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Management of hyponatremia: Providing treatment and avoiding harm

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Determine the duration of hyponatremia

One should try to ascertain when the hyponatremia started, as its duration is important in determining the proper pace of correction.

Figure 1.

The brain begins to adapt to hyponatremia within minutes, and the cerebral adaptation is maximal within 2 to 3 days (Figure 1).6

At the onset of hyponatremia, water moves from the extracellular fluid into cells, pulled in by osmosis. The brain can decrease the net amount of water entering into the neurons (and thus regulate its volume) by increasing the flow of water from the interstitium into the cerebrospinal fluid via increased interstitial hydraulic pressure.7

Over the next several days, inorganic solutes (eg, potassium and sodium salts) and various organic solutes are transported out of the cells. In patients in whom this process has had time to occur, treatment of hyponatremia with hypertonic fluids raises the plasma osmolality faster than the cells can recapture the previously transported osmoles. In this situation, overly rapid correction can cause excessive loss of intracellular water, resulting in cell shrinkage and osmotic demyelination syndrome. Osmotic demyelination usually presents during treatment of hyponatremia after an initial improvement in mental status, with worsening neurologic function and various neurologic signs, including paresis and ultimately even death.6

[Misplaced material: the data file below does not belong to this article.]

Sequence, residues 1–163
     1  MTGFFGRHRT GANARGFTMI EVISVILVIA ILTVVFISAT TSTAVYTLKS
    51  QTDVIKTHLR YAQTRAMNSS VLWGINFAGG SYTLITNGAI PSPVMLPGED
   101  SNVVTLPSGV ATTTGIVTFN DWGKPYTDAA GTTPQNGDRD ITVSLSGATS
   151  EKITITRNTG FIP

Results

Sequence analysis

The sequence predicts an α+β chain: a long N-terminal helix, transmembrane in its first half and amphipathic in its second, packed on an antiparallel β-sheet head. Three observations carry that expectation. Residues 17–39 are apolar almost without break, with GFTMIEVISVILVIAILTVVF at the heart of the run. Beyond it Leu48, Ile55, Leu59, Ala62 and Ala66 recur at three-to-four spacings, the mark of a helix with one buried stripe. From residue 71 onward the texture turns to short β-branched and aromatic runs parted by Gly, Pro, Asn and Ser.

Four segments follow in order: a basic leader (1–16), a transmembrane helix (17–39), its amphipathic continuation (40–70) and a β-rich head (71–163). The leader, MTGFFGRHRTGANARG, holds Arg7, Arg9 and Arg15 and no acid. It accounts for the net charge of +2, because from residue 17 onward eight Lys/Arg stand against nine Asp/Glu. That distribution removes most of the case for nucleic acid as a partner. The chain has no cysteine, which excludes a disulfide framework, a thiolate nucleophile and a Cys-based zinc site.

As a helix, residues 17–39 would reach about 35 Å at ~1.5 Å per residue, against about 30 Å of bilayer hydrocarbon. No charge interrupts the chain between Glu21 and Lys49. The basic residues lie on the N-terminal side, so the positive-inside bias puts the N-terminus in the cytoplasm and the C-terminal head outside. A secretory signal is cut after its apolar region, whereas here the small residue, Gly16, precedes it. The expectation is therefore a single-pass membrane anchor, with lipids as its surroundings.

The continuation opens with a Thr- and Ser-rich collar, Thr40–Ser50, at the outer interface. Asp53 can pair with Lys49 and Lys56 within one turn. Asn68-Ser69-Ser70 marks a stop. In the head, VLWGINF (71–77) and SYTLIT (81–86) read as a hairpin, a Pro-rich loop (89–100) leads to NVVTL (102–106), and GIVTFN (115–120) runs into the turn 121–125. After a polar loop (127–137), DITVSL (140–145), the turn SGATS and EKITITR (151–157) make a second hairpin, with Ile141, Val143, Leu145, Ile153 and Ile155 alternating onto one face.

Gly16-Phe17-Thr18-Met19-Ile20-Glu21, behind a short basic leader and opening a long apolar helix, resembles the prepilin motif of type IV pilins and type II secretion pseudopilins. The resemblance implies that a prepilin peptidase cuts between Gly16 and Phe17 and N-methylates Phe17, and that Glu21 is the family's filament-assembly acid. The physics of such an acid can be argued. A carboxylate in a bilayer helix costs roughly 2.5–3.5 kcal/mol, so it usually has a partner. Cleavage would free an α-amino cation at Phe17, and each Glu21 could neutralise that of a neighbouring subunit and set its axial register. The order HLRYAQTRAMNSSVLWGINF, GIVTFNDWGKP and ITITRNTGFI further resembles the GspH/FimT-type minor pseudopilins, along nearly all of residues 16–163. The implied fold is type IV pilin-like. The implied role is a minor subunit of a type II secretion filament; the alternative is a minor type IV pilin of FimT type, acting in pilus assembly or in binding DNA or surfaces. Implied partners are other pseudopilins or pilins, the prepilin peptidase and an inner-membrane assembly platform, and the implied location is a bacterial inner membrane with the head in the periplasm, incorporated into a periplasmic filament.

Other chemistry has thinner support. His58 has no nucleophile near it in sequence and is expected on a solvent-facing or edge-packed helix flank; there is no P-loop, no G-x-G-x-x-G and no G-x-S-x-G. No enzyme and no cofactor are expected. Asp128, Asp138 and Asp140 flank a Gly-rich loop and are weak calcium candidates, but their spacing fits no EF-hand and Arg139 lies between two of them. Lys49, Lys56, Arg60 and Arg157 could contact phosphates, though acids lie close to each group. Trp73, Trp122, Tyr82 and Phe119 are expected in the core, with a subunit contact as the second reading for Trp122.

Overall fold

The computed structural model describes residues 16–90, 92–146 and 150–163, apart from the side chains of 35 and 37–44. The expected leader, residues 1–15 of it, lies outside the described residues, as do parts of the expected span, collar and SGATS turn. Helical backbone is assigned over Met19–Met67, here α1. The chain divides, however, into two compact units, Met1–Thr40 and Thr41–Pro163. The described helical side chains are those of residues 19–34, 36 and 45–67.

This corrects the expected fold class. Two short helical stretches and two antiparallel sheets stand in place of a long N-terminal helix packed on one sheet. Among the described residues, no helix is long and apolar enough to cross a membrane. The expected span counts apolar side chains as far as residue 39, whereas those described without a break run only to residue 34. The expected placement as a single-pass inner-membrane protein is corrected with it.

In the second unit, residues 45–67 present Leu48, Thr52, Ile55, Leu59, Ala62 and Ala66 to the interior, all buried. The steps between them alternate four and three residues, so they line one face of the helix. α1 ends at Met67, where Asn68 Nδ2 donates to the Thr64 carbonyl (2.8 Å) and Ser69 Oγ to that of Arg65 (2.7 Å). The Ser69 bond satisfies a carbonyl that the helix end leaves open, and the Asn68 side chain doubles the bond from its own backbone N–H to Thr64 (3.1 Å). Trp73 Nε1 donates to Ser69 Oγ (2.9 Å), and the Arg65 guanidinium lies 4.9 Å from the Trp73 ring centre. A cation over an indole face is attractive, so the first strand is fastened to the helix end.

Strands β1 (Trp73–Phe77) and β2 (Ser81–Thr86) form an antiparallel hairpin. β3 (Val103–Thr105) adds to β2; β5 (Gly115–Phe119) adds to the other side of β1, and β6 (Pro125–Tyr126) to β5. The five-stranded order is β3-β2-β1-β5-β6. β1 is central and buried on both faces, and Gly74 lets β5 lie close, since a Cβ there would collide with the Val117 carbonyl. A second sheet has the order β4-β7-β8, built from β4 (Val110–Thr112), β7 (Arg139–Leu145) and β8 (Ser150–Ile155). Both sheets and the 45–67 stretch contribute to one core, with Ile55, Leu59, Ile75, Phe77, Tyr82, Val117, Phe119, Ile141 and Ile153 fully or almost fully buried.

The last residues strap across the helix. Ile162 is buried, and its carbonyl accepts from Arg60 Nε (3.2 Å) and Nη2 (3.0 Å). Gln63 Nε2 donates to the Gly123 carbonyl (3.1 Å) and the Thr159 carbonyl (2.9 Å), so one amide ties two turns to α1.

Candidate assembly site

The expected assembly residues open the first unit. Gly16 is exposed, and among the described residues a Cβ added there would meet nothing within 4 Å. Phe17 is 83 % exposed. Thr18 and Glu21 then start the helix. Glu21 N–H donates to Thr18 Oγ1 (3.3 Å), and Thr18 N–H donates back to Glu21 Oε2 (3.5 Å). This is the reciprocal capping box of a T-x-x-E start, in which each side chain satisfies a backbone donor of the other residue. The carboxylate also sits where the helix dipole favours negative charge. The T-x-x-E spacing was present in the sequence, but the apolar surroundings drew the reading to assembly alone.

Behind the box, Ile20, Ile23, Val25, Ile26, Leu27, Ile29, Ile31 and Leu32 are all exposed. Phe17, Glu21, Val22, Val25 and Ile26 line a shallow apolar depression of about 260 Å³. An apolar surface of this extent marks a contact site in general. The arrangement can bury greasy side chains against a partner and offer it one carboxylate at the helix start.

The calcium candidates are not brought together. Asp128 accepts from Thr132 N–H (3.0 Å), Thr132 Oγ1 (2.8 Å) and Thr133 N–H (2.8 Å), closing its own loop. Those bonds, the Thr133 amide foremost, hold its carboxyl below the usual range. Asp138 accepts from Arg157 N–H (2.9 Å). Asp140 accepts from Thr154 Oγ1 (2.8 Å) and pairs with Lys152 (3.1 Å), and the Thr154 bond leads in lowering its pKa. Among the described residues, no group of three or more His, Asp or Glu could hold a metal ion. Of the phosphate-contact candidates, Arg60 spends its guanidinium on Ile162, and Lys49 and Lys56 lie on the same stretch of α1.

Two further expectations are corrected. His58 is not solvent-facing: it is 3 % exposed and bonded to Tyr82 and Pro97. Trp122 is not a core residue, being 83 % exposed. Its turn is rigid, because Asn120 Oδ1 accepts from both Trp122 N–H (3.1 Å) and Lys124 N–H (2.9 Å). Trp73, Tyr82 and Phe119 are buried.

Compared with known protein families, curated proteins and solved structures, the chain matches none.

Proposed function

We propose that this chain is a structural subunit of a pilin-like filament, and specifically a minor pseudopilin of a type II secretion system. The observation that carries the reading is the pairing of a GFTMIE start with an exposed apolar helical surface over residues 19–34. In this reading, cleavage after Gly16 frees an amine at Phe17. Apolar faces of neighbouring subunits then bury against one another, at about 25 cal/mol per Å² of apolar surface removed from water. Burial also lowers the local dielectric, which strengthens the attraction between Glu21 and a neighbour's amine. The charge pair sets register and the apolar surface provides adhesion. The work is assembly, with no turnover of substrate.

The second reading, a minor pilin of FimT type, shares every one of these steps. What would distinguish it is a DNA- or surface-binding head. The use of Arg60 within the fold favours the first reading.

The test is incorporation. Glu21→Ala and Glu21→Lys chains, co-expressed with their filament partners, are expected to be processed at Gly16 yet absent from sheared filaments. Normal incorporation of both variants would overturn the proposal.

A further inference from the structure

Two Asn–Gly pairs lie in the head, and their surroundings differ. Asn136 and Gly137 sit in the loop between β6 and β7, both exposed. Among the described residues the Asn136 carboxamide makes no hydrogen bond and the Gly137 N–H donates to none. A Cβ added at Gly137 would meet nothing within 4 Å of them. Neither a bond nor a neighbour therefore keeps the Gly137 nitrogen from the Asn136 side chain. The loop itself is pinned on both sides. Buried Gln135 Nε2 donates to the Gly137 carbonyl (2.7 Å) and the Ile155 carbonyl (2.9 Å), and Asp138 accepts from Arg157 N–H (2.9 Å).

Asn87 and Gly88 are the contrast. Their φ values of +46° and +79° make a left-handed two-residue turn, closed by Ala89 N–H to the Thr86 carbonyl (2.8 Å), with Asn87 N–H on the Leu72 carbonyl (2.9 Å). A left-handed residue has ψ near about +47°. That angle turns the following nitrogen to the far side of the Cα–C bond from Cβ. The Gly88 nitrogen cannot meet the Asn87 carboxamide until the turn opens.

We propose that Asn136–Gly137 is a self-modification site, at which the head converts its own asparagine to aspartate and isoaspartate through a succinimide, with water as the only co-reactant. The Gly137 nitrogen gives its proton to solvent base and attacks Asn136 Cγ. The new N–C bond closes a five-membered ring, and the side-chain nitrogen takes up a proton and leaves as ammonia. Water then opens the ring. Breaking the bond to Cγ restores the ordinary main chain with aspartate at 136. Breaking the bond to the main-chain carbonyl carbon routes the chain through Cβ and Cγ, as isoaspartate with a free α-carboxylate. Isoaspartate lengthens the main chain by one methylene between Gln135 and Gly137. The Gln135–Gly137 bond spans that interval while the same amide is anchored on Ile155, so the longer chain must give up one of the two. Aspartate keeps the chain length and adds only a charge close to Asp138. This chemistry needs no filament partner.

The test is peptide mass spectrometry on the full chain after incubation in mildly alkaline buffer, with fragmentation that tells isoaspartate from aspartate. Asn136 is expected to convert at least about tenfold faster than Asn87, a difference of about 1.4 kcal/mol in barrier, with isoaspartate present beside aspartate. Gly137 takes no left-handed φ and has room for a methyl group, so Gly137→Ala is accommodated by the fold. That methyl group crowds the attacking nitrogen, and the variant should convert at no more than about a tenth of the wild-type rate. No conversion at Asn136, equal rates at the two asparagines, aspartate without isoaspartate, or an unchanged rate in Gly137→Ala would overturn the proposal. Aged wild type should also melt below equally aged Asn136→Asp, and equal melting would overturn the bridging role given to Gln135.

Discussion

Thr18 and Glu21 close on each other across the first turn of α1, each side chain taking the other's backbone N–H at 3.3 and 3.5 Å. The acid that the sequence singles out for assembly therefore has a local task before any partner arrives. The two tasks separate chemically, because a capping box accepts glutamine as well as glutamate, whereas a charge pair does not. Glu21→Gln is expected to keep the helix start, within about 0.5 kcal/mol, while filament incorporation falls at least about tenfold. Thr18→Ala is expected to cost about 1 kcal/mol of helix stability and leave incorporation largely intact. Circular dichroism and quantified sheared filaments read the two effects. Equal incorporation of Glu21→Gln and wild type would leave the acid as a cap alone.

In patients with acute-onset hyponatremia (ie, with onset within the past 48 hours), in whom the above cerebral adaptations have not had time to occur completely, rapid correction is unlikely to result in osmotic demyelination.

In view of the serious risk of osmotic demyelination, if the timing of development of hyponatremia cannot be determined, one should assume it is chronic (> 48 hours) and avoid rapid overcorrection (see discussion below on the rate of correction).

On the other hand, patients who have severe neurologic signs or symptoms initially need their serum sodium increased urgently to safer levels, regardless of the timing of onset (see below for suggested approach). Subsequent treatment of hyponatremia—after the serum sodium level has been raised enough to reverse neurologic symptoms—will be influenced by the duration of the hyponatremia, with careful avoidance of overly rapid correction, especially in patients with chronic hyponatremia.